One of the most common complaints that instructors have is that students do not complete the readings. No matter how interesting or unique or provocative they are, many students fail to crack their books at all prior to an exam, and some of those who do fail to retain any of the information or arguments. For those of us who use those readings as a foundation for a class session, this behavior can lead anywhere from mild irritation to downright aggravation.
One way to solve this problem in an upper level seminar is to turn the reading from a passive exercise to an active one. Assign the readings by week, rather than by session, and have your students write an analytical response on the readings each week. Each critique must also pose a discussion question at the end. Papers are typically two pages, though that depends on the type and number of readings assigned. They are posted the day before class and shared online in a discussion forum. The discussion questions and different perspectives can then be used as a basis for discussion that week. Scoring is based on a check plus/check/check minus/pass/fail system (which loosely corresponds to A-F) but no comments are made by the instructor after the first week or two.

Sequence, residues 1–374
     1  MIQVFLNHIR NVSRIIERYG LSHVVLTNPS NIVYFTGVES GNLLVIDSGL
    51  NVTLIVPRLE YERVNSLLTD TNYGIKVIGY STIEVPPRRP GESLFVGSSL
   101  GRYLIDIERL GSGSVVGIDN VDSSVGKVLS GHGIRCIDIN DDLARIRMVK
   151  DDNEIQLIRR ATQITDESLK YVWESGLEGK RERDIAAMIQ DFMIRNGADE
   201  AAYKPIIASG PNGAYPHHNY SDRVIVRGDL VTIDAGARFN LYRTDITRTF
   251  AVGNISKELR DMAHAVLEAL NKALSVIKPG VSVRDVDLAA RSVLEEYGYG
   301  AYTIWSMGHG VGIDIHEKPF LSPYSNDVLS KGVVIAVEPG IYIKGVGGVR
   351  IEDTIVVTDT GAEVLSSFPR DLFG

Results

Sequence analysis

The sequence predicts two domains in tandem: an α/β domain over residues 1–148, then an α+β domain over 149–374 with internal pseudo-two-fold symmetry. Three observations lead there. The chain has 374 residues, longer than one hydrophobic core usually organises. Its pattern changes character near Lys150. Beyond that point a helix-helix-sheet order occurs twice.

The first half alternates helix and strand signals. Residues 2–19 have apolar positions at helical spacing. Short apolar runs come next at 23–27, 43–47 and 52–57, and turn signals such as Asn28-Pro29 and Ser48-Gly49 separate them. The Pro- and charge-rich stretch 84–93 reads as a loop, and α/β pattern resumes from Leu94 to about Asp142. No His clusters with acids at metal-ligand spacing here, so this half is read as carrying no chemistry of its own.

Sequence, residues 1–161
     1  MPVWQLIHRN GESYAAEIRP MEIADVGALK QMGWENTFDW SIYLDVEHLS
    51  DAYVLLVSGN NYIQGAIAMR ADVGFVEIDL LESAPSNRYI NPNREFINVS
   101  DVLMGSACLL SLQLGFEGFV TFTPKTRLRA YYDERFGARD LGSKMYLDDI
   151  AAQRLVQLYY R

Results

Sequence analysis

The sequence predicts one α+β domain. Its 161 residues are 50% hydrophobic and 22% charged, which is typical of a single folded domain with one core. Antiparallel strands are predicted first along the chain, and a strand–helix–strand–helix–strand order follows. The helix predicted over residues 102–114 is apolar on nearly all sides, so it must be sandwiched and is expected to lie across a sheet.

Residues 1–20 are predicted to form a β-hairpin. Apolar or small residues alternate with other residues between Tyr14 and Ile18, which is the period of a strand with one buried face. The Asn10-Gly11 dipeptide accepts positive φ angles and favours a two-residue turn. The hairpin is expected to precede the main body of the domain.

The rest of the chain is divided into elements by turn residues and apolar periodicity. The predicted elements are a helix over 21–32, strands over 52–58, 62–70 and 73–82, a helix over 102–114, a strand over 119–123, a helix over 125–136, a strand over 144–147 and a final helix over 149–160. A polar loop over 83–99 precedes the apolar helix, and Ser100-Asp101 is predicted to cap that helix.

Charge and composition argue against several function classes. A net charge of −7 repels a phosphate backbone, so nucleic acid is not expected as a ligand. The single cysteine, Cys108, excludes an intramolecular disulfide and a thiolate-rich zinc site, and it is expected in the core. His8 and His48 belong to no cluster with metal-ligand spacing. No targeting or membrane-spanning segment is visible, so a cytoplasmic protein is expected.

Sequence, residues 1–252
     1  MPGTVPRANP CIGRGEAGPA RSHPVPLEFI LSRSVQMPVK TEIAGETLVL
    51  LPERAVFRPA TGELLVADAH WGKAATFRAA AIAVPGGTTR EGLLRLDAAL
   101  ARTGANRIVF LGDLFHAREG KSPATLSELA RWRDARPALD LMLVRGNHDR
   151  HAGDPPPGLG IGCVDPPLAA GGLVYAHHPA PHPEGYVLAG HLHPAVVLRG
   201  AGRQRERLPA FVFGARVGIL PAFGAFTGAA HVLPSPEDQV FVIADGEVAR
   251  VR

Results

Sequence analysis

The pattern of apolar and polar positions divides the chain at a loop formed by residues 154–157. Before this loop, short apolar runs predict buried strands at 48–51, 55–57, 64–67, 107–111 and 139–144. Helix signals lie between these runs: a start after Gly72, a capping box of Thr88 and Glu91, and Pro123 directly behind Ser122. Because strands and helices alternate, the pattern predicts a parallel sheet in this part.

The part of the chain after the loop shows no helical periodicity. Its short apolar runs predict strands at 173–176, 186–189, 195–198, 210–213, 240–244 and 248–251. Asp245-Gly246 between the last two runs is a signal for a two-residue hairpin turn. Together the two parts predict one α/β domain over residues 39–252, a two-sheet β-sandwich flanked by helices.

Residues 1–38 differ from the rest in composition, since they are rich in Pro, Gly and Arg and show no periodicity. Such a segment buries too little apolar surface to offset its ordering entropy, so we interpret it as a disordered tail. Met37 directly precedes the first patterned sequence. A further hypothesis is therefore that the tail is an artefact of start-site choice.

I tried this in Spring 2011 in my Environmental and Energy Security class, an upper level seminar with ten students, with great success. All of my students came prepared to class having completed and thought about all the readings. In addition, their writing occurred throughout the semester, allowing multiple grading opportunities and a chance to improve their writing. The papers also made prep for class very easy: I facilitated a conversation and provided context, but the students drove the discussion. Quiet students could be drawn in to the conversation without fuss, since their perspective was already public. Finally, grading is minimal. It only took a few moments to read through the critiques and see what level of effort and insight students brought to their papers.
The downside is that students will whine about having to actually do the readings and write every week. But in a class that is really built around the readings, my students came to appreciate being forced to do the readings and to think about them, and they liked that their work was brought so obviously into the class through the discussions. It made them feel like their work was driving the course. I was able to be a true facilitator and participant rather than just their teacher, and the critiques were cited as a positive on my evaluations rather than a negative.